How To Find Wild Garlic

When: March – early June
Location: Common throughout the UK and Ireland 

The arrival of spring brings with it one of the finest and most versatile ingredients our woodlands have to offer: wild garlic. Also known as wood garlic, ramps, or – in a particularly romantic Hardy-esque fashion – “ramsons”. Wild garlic is native to most of Europe, having grown in our woodlands for centuries.

Having become high-end restaurant-fashionable, the wild garlic found at farmers markets and Notting Hill grocers is ludicrously expensive to buy. Which is madness, because take a walk in the woods… and it’s totally free, growing en masse under our trees.

Despite its strong scent, wild garlic’s flavour is actually far mellower than everyday garlic bulbs, adding a gentle, deep note to dishes. Chopped into salads, blitzed into pesto, folded into scrambled eggs and homemade mayonnaise, added to risotto, or simply cooked in place of spinach it’s no wonder this versatile ingredient has become so popular.

P.S. There is one more name for wild garlic… Bear garlic. Apparently the loveable kill-you-with-a-single-swipe-of-the-paw fluffy fellas are as partial to wild garlic as I am, munching away on the leaves after hibernation to kick-start their digestion. Though the UK isn’t exactly inundated with bears, I’d keep a marmalade sandwich in your pocket. Just in cases.

Where To Find Wild Garlic:

Come springtime, you’re highly likely to find wild garlic growing rampant beneath the dappled canopy of deciduous woodland. Tall oaks, swaying beech and elm, sprawling branches of hazel hornbeam and ash – these are the classic woods of National Trust trails, stately homes and Winnie The Pooh.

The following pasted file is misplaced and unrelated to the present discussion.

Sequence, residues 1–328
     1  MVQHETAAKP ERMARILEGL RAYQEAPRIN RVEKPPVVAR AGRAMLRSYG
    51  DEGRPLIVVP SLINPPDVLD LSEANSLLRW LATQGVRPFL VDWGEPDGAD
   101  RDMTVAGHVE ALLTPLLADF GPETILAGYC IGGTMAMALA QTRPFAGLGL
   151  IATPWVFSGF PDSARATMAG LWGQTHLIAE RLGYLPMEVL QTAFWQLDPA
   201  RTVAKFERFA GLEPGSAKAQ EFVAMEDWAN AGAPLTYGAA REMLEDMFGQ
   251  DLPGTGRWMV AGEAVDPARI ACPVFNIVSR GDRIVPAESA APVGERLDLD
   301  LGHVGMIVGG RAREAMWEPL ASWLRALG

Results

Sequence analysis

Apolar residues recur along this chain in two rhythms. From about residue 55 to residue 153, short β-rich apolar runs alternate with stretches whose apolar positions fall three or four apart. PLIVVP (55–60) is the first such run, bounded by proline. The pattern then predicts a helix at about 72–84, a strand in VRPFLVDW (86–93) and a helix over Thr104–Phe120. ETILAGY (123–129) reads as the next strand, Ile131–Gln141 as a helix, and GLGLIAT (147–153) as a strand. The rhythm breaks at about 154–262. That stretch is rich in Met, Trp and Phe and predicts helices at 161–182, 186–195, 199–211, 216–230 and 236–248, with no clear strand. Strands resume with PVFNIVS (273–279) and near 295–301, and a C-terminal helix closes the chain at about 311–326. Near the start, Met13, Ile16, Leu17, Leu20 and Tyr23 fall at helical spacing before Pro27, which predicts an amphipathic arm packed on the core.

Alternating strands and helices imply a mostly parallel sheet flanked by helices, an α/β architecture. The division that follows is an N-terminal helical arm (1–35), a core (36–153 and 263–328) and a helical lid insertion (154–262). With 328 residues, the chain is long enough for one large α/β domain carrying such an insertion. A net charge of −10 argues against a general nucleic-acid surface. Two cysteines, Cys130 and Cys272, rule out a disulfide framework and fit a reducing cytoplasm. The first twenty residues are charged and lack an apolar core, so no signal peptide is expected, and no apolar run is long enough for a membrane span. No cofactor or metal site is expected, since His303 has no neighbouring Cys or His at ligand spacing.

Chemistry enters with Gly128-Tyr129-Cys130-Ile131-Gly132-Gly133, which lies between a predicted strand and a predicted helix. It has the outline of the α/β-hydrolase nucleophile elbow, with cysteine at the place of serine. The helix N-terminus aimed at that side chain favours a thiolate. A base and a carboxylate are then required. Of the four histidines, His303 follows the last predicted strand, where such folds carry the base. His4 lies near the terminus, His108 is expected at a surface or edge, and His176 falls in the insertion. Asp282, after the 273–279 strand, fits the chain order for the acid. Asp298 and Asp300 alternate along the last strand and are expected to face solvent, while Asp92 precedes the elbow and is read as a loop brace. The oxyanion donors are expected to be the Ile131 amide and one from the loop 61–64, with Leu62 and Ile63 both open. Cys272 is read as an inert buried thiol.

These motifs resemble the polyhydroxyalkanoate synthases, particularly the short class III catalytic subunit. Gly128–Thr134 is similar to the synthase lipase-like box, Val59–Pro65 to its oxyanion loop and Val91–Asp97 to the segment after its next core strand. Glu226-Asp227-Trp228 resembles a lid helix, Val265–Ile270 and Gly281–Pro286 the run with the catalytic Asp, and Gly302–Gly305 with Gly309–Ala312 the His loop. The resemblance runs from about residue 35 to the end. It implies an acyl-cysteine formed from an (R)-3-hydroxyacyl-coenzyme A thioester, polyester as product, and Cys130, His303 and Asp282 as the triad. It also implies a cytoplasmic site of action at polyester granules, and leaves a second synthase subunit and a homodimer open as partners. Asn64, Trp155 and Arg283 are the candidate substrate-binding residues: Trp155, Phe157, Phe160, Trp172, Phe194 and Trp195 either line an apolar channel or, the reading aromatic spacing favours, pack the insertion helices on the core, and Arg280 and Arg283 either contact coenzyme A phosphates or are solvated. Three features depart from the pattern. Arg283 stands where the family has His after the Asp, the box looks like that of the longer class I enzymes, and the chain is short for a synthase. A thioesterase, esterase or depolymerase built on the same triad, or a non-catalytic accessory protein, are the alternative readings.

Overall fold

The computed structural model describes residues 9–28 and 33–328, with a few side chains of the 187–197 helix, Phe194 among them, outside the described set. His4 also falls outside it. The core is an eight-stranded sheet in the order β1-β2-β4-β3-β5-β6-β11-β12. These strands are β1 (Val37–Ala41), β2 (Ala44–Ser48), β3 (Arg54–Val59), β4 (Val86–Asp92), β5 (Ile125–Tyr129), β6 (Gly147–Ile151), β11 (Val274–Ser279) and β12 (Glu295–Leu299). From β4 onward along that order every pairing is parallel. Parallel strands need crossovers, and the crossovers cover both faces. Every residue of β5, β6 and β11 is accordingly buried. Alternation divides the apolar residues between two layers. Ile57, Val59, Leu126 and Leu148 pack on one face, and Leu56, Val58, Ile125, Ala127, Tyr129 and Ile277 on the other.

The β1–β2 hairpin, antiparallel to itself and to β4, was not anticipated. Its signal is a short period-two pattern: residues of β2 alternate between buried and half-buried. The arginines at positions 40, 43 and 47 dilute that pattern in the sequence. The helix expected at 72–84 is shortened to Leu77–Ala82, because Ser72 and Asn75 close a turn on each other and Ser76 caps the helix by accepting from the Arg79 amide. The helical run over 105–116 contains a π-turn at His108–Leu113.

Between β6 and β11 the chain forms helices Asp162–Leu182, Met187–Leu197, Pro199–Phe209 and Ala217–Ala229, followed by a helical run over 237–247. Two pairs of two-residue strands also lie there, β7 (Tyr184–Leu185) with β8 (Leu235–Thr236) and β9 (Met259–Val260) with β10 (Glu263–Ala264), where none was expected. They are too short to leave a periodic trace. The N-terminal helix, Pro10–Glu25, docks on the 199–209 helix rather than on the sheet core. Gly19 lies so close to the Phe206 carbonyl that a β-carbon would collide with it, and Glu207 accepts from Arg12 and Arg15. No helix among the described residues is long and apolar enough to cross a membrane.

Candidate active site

Enjoying cool damp soil and a gentle slope, wild garlic thrives in managed, not-too-dense woodland where the leaves let in sunshine between their branches. Wooded riverbanks and banks are another prime wild-garlic-finding spot. In fact, anywhere where the conditions of a gentle woodland are re-created. I even found it in a graveyard once, but that seemed rude.

How To Spot Wild Garlic:

You’re highly likely to smell wild garlic before spotting it, its pungent scent filling the air to often eye-watering degrees. Where one wild garlic plant grows, hundreds are likely to follow – great carpets of the stuff rollicking across the woodland floor, up to 50cm tall.

Smell aside, wild garlic is easy to spot. Long pointed leaves of vibrant green, slightly fatter in the middle before tapering to a point. Towards the end of the season, wild garlic sends up beautiful scruffy allium-like pom pom flowers. Hurry… these white 6-petalled blooms signify the end of wild garlic’s growing season. On the upside, you can eat the flowers too.

Don’t Confuse With:

Lilly Of The Valley, which is highly poisonous. Growing in a similarly rampant carpet-like fashion, its leaves look very similar to wild garlic leaves. Luckily, there’s an easy and virtually foolproof way to tell the difference… Lilly Of The Valley’s leaves don’t smell of garlic. Crush one between your fingers and, if that distinctive garlicky-onion smell doesn’t immediately hit you in the nose, throw it away. When in flower it’s easy to tell, as they send up pretty little white bell-shaped flowers from a straight central stalk.

How To Pick:

Wild garlic leaves are at their best and strongest from March to May, before the plants flower. Harvest leaves, stems and flowers using scissors or a sharp knife so as not to damage the plant, leaving the bulb in the ground to grow again next year.

Will Keep For…

3-5 days if kept in the fridge. Wash before using.

Wild Garlic and Prawn Gyoza

As a certified enthusiast of dumplings in all their guises, imagine my delighted dim sum surprise when I realised how easy they are to make at home. Freshly picked wild garlic adds both a mellow spring freshness, and a lovely dash of colour to the plate.